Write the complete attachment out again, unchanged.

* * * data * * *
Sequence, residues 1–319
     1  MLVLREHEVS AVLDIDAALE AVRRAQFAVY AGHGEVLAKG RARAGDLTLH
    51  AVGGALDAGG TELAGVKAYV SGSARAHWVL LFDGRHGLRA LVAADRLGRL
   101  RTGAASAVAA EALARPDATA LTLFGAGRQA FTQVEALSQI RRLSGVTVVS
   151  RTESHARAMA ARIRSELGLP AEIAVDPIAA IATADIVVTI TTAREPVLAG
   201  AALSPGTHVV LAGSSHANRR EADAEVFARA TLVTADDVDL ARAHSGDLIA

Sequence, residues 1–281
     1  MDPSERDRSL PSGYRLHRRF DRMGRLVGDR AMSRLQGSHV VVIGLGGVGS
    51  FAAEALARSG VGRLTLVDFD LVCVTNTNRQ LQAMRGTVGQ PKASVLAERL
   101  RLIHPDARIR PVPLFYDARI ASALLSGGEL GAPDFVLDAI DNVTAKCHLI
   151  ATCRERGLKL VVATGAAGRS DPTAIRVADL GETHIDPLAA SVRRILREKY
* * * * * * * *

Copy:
Sequence, residues 1–319
     1  MLVLREHEVS AVLDIDAALE AVRRAQFAVY AGHGEVLAKG RARAGDLTLH
    51  AVGGALDAGG TELAGVKAYV SGSARAHWVL LFDGRHGLRA LVAADRLGRL
   101  RTGAASAVAA EALARPDATA LTLFGAGRQA FTQVEALSQI RRLSGVTVVS
   151  RTESHARAMA ARIRSELGLP AEIAVDPIAA IATADIVVTI TTAREPVLAG
   201  AALSPGTHVV LAGSSHANRR EADAEVFARA TLVTADDVDL ARAHSGDLIA

Sequence, residues 1–281
     1  MDPSERDRSL PSGYRLHRRF DRMGRLVGDR AMSRLQGSHV VVIGLGGVGS
    51  FAAEALARSG VGRLTLVDFD LVCVTNTNRQ LQAMRGTVGQ PKASVLAERL
   101  RLIHPDARIR PVPLFYDARI ASALLSGGEL GAPDFVLDAI DNVTAKCHLI
   151  ATCRERGLKL VVATGAAGRS DPTAIRVADL GETHIDPLAA SVRRILREKY